Clowning around … online: the 5th annual Play The Fool Fest goes digital

Meredith Gordon, Squeeze The Clown. Photo by Mike Borchert

By Liz Nicholls,

“Clowns work as well as aspirin, but twice as fast.” –Groucho Marx

And for the major migraine that is COVID, it’s high time we had some. Clowns, that is.

The only thing is, clowns thrive on real live close-up encounters with real live people, responding to their vibe — and their laughter. The fourth wall, barricading the theatrical illusion, means absolutely sweet tweet to a clown. “So it’s a tricky pivot,” says Christine Lesiak of re-tooling the fifth annual Play The Fool Festival for the digital (and socially distanced) world. “The live interactive element, the ‘what’s going to happen next?’,” as she puts it, make a festival devoted to the celebration of clown and physical theatre for adult audiences an oddball fit in the new onscreen pandemical world order.

Philip and Lucinda. Photo by John Marian.

But, as she says, “clowns make do.” And screen clowning isn’t an outlandish prospect. After all, Lesiak she points out, “there’s a rich history of film clowns” — from Chaplin and Laurel and Hardy to media stars like Stephen Colbert, or the clown characters of Jim Carrey and Melissa McPherson. Lesiak, the creator and star of the widely travelled Fringe hit For Science!, has curated a digital Play The Fool lineup that includes film and video component, live streamed delights, a live act (for socially distanced gatherings), and a panel discussion.

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In fact, there’s a first-ever Play The Fool two-minute film competition, especially tailored for fierce concentrators and/or short attention spans. You’re never going to say ‘so cut to the chase already’ at a 120-second film festival. “There is no fat in a two-minute film,” Lesiak laughs.

In August the festival invited clown and physical comedy-themed submissions, the only stipulation. And much to Lesiak’s delight — and surprise, since “making things for the screen is hard, and incredibly time-consuming” — she got 40. There’s a startling variety, and they’re from everywhere: an international array of “little gems,” of which 20 or so, selected by a jury of film-makers, will be up on for screening starting Thursday. 

Candace Berlinguette at Play The Fool. Photo by John Marian.

There are those who will doggedly argue that the red nose is the only true clown ID.  Lesiak disagrees: “One of our missions is to challenge the parameters of clowning!” she says of Play The Fool programming. From the start it has regularly expanded that horizon with clowns of every shape, style, aesthetic, and personality from the wide-eyed innocent to the macabre Euro-existentialist, bouffon to burlesque, blabber-mouth to mime to drag artist. Lesiak’s own gallery of clown alter-egos is a hint — among them red-nosed Sheshells, the worldly lifestyle advice guru Aggie (Ask Aggie), the white-coated Professor with the brisk beaming good cheer in For Science!.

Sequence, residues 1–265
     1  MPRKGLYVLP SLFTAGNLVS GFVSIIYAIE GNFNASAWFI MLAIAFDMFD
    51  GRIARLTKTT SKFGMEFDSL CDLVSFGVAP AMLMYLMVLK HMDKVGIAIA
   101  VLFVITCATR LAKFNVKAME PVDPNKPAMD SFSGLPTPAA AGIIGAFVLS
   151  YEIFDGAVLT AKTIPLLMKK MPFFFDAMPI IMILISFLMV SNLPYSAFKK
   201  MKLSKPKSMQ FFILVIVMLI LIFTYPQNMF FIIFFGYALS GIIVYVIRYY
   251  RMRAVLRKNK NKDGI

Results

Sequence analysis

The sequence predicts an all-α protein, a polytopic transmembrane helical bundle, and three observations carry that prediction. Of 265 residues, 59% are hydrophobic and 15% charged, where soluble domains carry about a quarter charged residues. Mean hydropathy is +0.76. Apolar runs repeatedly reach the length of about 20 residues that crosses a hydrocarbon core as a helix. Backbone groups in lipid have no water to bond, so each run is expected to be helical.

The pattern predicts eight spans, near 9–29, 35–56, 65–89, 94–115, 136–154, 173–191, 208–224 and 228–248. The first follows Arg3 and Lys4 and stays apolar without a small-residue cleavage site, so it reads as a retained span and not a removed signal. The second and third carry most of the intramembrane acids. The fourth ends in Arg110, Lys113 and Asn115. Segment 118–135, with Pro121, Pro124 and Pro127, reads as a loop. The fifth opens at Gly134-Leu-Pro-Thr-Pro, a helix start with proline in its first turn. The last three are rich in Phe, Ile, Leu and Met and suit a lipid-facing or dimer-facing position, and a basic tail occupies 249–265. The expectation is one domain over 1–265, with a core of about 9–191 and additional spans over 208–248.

A highlight of this year’s Play The Fool is the Saturday 3 p.m. screening of The Wise Fool, Geraldine Carr’s documentary honouring the life and career of the legendary clown (and clown guru, mentor, coach, philosopher, writer, director) Jan Henderson. If you haven’t already, you’ll meet Henderson’s charming clown Fender. And you may well be inspired by this engaging artist to unleash your own inner clown. 

The Wise Fool happens (once!)  at right after a 2 p.m. live screening of the quirky spoof Telethon-a-thon; The Calgary Clown Society fields an international cast. The afternoon finale, at 4 p.m. is the annual Play The Fool panel discussion, this year “Culture, Identity and Clowning: a BIPOC Artist Conversation.” What’s it like to clown in a white-dominated culture? The diverse all-star panel of theatre and circus artists and clowns includes “medical clown” Meredith Gordon, June Fukumura, Barry Bilinsky, Kiana Woo, Pratik Motwani, sheds light (moderator Lisa Dawn Daniels).  

Trevor Schmidt and Darrin Hagen, Dragula. Photo by Ian Jackson.

Signal Boost is Lesiak’s curated online assortment of high-contrast clown film and video offerings, from Edmonton, across Canada, and beyond. It’s a lineup of recommendations that reflects an elastic view of clown identity. Guys in Disguise’s audio-play revival of Dragula is one. Todd Houseman and Ben Gorodetsky’s Folk Lordz, which mines and cross-hatches the former’s Cree and the latter’s Russian Jewish heritage, is another. In this incarnation it’s a selection of two-to-four-minute sketches, “very funny, very political,” as Lesiak says.”Beautifully written, great production values, so well-crafted. This is very smart comedy.”

Toronto-based clown duo Morro and Jasp and Vancouver’s New(to)Town Collective are in the line-up, along with the film ABC (Anything But COVID) by Ugly Bucket Theatre from the U.K., who have, says Lesiak, a distinctively contemporary theatre/clown sensibility. She describes The Uncle Junior Project as “a community-driven online exhibit that celebrates the history of black circuses in the U.S…. Eye-opening, especially in Canada.”

COVID has shut down live performance, and cruelly. But to look on the bright side (which clowns are apt to do) “we can reach a global audience,” says Lesiak. “It’s exciting. And even after, we’ll keep an online presence I think…. The biggest challenge is time zones.”

And live, did someone say LIVE? Via Play The Fool The Great Balanzo (Aytan Ross) and his Circus To Go can be booked to come to you, “like a pizza,”  in your own backyard.


Play The Fool Festival

Produced by: Hit The Jive Productions

Running: Sept. 24 to 27


Tickets: most programming is free (donations gratefully accepted), with some Signal Boost acts requiring payment directly to the artists.

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